Hawaii on a Dime
THE beauty of the Hawaiian islands is hardly subtle. Jungle-smothered volcanic peaks loom around every highway switchback, verdant plants sprout flowers as brilliant and meaty as hallucinations, and surrounding you always is the Pacific Ocean, by turns coral blue, crystalline green or shimmering golden with the light of the setting sun. Hawaii is easy, Hawaii has nothing to hide. Hawaii is, touristically speaking, pornographic in its single-minded baring of its assets.
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Hawaii is also — duh — expensive. According to AAA’s 2007 Annual Vacation Costs Survey, a family of four could expect to spend $650 a day there on food and lodging, making it the least affordable state in the country — and that doesn’t even take into account Hawaii’s gas prices, consistently among the nation’s highest.
But while daunting fuel costs and overpriced villas surprise no one, Hawaii can be ruthlessly surreptitious when it comes to extracting every last dollar from tourists.
Take Kona coffee, the famed beans grown on the Big Island. On the first morning of a weeklong trip that my wife, Jean, and I made in early September, I was eager to taste this local brew, supposedly the only coffee produced in the United States. We were driving around Kailua, on the island’s west side, searching for a nontouristy breakfast place when I spotted Green Flash Coffee, a tiny storefront 〔米〕 店頭, 店の正面. named for the fabled burst of emerald light that often accompanies sunsets on the Kona coast.
Inside, we scanned the menu of breakfast sandwiches and smoothies until my eyes alighted on the Kona coffee: it was $2.95 for a 12-ounce cup, versus $1.85 for a non-Kona version. Granted, that’s not a huge amount in itself, but a cup or two a day could really add up — a no-no for this frugal traveler. I opted for the cheaper brew.
Over the next few days, as we combed the island for luxurious meals on a less-than-luxurious budget, I noticed that no matter where we ate, prices were two or three or four dollars higher than I was accustomed to. At Ba-Le, a relatively affordable Vietnamese restaurant, a banh mi sandwich that would have been $3 in New York City was $6. At Big Jake’s Island B-B-Q, a pulled-pork sandwich plate was $8.95, perhaps twice what you’d pay in North Carolina.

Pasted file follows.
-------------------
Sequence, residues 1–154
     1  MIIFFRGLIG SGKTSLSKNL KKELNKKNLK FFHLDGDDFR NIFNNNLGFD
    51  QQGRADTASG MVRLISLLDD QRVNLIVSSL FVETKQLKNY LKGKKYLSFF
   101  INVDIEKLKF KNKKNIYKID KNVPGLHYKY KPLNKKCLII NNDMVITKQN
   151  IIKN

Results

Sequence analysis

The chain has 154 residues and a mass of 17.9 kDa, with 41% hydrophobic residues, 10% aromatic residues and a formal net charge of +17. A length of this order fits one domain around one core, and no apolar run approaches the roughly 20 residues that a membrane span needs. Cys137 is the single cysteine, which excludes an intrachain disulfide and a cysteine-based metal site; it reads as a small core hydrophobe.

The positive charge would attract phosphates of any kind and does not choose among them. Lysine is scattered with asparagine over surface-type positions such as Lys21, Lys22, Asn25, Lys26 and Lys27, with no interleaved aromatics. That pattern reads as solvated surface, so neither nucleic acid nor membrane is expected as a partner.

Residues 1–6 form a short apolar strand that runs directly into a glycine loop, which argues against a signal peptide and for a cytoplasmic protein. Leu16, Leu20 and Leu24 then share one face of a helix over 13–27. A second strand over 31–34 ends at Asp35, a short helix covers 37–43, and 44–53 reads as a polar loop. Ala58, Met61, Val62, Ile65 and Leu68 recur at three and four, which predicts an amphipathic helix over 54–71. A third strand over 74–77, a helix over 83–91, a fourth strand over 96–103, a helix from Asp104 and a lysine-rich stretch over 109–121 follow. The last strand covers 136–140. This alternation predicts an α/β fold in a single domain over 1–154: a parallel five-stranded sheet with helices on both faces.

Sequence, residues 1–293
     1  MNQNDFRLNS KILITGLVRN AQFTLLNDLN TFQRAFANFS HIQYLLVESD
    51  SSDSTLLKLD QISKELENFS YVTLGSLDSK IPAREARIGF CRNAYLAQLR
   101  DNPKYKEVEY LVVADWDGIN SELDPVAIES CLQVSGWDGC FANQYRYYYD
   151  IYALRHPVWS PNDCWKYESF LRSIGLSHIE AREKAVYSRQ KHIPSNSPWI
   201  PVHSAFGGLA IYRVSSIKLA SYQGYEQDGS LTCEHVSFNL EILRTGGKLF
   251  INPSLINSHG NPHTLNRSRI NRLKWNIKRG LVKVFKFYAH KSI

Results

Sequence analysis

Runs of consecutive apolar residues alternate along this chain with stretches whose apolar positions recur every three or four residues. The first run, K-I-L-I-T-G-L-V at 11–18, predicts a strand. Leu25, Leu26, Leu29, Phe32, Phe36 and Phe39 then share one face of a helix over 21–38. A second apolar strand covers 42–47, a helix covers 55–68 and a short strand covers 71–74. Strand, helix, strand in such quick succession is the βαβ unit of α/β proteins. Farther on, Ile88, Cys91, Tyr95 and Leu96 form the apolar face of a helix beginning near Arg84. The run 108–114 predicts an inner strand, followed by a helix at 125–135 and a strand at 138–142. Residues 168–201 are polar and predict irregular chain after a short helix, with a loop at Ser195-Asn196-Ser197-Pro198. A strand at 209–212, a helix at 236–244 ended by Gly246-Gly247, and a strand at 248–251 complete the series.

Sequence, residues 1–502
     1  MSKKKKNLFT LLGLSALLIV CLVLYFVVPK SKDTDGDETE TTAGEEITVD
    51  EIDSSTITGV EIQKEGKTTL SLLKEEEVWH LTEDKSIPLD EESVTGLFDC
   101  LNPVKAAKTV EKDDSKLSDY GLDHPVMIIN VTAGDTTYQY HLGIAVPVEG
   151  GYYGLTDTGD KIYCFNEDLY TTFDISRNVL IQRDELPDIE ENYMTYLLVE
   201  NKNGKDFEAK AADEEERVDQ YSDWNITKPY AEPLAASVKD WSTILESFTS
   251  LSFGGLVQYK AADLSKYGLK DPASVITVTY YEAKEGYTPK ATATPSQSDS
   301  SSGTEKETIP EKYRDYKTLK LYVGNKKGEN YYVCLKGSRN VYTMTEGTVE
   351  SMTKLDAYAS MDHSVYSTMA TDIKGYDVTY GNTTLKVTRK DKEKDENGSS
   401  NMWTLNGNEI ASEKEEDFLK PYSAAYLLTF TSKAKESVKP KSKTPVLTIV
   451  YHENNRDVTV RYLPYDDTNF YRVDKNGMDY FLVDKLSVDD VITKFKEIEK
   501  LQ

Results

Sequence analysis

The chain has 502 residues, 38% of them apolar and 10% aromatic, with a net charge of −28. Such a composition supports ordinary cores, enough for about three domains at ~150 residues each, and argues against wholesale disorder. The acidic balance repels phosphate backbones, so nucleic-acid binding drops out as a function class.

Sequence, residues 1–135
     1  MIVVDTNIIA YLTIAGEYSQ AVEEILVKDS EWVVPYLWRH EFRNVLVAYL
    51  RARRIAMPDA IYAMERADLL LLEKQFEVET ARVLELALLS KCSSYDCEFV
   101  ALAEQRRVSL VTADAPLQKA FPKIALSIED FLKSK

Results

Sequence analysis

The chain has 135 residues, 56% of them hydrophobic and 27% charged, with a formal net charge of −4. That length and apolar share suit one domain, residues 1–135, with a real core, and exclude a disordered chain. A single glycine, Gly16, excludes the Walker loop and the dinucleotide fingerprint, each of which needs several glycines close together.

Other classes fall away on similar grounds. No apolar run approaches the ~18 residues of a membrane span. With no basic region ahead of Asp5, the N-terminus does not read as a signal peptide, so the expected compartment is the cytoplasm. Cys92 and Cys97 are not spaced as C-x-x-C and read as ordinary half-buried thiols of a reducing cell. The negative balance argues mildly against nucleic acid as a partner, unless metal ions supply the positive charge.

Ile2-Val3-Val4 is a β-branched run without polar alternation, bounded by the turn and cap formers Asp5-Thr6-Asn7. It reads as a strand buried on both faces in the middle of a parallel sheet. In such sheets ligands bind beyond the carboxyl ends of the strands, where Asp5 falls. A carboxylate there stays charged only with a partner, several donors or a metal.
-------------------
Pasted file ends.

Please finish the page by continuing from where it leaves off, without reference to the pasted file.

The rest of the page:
Again, these weren’t egregious pricing schemes — and both places were, incidentally, fantastic — but they brought home the fact that while Hawaii’s natural wonders may clear your mind of cares, its restaurants, hotels and attractions can, almost without your noticing, clear out your wallet.
Yet Jean and I were determined to sacrifice neither comfort nor our savings. At first, we got lucky — or rather, Lucky: the very first result in a Google search for “affordable Hawaii Kona” was Pomaikai “Lucky” Farm B & B, an eco-resort whose breakfasts featured Kona coffee grown on the premises. (My verdict: good, but not $2.95-per-cup good.)
We’d requested the romantic renovated Coffee Barn room, but because of a booking error wound up in one of the two Greenhouse rooms. It was simple and comfortable, with screens for windows, a big bed, an ensuite bathroom and a lime tree just off the porch. And just $80 a night.
The room may have been basic, but it came with beach towels, snorkeling gear, body boards and a seemingly endless supply of fruit dangling from the trees: papayas, bananas, passion fruit (usually known by their Hawaiian name, lilikoi) and juicy, fragrant strawberry guavas. Lucky Farm even raised red bulbs of awapuhi kuahiwi, whose juice is a traditional hair conditioner — and a much-touted ingredient in costly Paul Mitchell products.
Our base established, Jean and I began to explore the Kona coast. Unlike the northwestern areas of the Big Island, where you find large resorts like the Four Seasons and touristy chains like Outback Steakhouse, the southwestern coastline — from Captain Cook to Naalehu — is far less commercial. Tropical trees crowd the winding highway, briefly vanishing to allow for the lone gas stations or coffee shops that mark a settlement, then swarming up again to envelop you in fecund jungle.
It was about 10 miles south of Captain Cook, not far from Lucky Farm, that we found Puuhonua o Honaunau, a “Place of Refuge” that once functioned as the oceanside home of Hawaii’s royal chiefs and as a safe haven for women, children and noncombatants during times of war, and for lawbreakers hoping to evade a death sentence.
Today, the site (which is operated by the National Park Service) contains a big heiau, or temple, surrounded by carved wooden figures, separated by a hefty rock wall from a plain of black volcanic stone that reaches into the sea. Well-written pamphlets explain the significance of every spot, and admission is $5 a vehicle — but only till 4 p.m., when anyone can visit (until 8) free.